Positive Caster Effects
Positive caster is desirable to a point. Mild positive caster improves cornering grip by causing the tires to lean in a way that will increase grip as the tires steer into a turn. Positive caster also increases high speed stability. Steering will want to track straight and releasing the steering wheel will cause the tires to return back to a straight direction.
Too much positive caster will begin to diminish the benefits of positive caster. It can make steering more difficult, reduce traction and handling performance, and negatively affect tire wear.
Negative Caster Effects
Negative caster should be avoided. It provides no benefits to handling, traction, or stability. It will only degrade these characteristics and make for a dangerous vehicle.
Frequently Asked Questions
HOW DO YOU KNOW IF YOU NEED AN ALIGNMENT?
Uneven tire wear, an off center steering wheel, poor handling, or pulling to one side are all symptoms of improper wheel alignment. There can be other reasons for these problems however. You should let your local tire tech troubleshoot your specific problem so they can rule out other issues that may be causing your unique problem.
HOW MUCH DOES IT COST FOR AN ALIGNMENT?
Alignment typically costs around $75 to $100 dollars.
DO I REALLY NEED A TIRE ALIGNMENT?
You may not need an alignment. If you’re not experiencing any issues that could be related to alignment problems and your tires are very inexpensive, it may not be worth it.
If you are experiencing problems that could be alignment-related or your tires are more expensive, it makes sense to take the time and spend the money to get the most out of your investment and ensure your vehicle can handle safely.
WHAT IS DONE DURING TIRE ALIGNMENT?
Suspension components are adjusted to change the camber, toe, and caster angles of the tires to be within the range specified by the vehicle manufacturer.
HOW LONG DOES A CAR ALIGNMENT TAKE?
Assuming no problems are encountered, alignment usually takes around an hour to complete.
HOW OFTEN SHOULD YOU GET AN ALIGNMENT?
Every 2 or 3 years with an average of 12,000 miles driven per year is a reasonable interval. Generally speaking, alignment shouldn’t drift but potholes, hitting curbs, and suspension wear and tear can all cause alignment to drift out of spec over time.
It’s also smart to get an alignment performed when you purchase new tires.
CAN YOU DO A WHEEL ALIGNMENT AT HOME?
Yes you can! An alignment can be done at home with a tape measure.
WHAT IS THE DIFFERENCE BETWEEN TIRE ALIGNMENT AND TIRE BALANCING?
Alignment adjust the camber, toe, and caster angles of the tire to ensure that it contacts the asphalt in a way to maximize grip and ensure even tread wear. Tire balancing deals with ensuring the weight around the circumference of the tire and wheel assembly is uniform so that it will not vibrate as it spins at higher speeds.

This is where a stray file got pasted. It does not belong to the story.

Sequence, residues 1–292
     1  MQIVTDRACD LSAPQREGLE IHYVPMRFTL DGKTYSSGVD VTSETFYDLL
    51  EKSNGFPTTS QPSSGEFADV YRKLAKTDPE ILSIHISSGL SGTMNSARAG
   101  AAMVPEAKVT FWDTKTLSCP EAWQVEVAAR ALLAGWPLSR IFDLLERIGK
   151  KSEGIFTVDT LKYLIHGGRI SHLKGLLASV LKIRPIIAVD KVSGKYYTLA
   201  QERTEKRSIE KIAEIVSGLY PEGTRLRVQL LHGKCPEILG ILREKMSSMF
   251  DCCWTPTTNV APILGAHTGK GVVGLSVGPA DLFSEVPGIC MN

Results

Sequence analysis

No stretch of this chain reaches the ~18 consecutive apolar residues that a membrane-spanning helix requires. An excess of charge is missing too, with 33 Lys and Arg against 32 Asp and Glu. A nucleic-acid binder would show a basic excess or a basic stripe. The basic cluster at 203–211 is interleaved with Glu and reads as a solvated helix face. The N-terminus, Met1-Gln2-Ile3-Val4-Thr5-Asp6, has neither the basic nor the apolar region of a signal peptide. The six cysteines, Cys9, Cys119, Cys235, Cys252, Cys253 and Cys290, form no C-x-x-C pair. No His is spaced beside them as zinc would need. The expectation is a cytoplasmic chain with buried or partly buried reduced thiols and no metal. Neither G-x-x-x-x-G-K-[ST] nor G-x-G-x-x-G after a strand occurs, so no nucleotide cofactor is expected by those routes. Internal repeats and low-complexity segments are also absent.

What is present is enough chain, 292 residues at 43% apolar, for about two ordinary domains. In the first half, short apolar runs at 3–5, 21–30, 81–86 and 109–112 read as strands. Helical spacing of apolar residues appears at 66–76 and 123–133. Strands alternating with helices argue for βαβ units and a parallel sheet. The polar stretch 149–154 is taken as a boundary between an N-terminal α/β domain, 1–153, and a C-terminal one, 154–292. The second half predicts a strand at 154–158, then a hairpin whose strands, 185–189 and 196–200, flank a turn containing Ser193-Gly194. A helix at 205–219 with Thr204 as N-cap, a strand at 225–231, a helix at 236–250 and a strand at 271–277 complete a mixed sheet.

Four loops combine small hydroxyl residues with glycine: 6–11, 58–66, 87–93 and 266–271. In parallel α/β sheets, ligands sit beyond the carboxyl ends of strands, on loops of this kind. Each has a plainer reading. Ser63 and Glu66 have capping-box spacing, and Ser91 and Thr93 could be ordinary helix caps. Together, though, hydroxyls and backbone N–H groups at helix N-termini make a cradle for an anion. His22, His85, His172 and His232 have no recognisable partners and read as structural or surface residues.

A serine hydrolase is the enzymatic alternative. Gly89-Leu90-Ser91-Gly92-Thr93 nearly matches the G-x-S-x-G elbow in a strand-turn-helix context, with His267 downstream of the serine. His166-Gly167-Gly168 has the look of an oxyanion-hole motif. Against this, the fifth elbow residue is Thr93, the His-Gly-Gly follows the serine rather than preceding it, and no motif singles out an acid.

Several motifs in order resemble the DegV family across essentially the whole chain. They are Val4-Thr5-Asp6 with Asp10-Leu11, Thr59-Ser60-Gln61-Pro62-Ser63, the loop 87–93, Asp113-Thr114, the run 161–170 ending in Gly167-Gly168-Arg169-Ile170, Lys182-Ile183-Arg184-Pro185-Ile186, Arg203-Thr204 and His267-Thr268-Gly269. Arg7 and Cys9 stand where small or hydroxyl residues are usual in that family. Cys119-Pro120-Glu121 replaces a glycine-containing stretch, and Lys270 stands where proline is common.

WHAT IS THE DIFFERENCE BETWEEN TIRE ALIGNMENT AND TIRE ROTATION?
Alignment adjust the camber, toe, and caster angles of the tire to ensure that it contacts the asphalt in a way to maximize grip and ensure even tread wear. Tire rotation is the process of removing a wheel assembly from one location on a vehicle and move it to a different location to help ensure even tire wear over the life of the tire.
WHAT CAUSES ALIGNMENT ISSUES?
Potholes, curb strikes, or any accidents that involve hard contact with the wheel and/or tire are common causes. Suspension component wear and tear is another cause. Finally, an changes to tires, wheels, or suspension components, especially if the are different than the OEM specifications, can cause misalignments.
WHAT HAPPENS IF YOU DRIVE WITH BAD ALIGNMENT?
If you have improper alignment and drive for an extended time you will experience poor tire wear. The speed of the abnormal tire wear will depend upon the severity of the misalignment. You can also experience handling problems, pulling to one side, or an off center steering wheel.
HOW DOES WHEEL ALIGNMENT AFFECT STEERING?
Alignment can have a significant affect on steering stability and handling. It can cause the vehicle to pull to one side. Alignment can also affect whether a steering wheel is crooked when the car is driving straight.
DO I NEED AN ALIGNMENT AFTER REPLACING TIRES?
An alignment isn’t always necessary when buying new tires. Although I highly recommend performing an alignment if your tires are expensive or you haven’t hand an alignment performed within the last 3 years.
HOW LONG IS IT SAFE TO DRIVE WITH A BAD ALIGNMENT?
In general, it’s unsafe to drive with a bad alignment for any period of time. Obviously, minor alignment issues aren’t an immediate threat but even if poor alignment doesn’t create unreasonably poor handling characteristics, it will cause uneven tire wear that will quickly make your tires unsafe in wet conditions.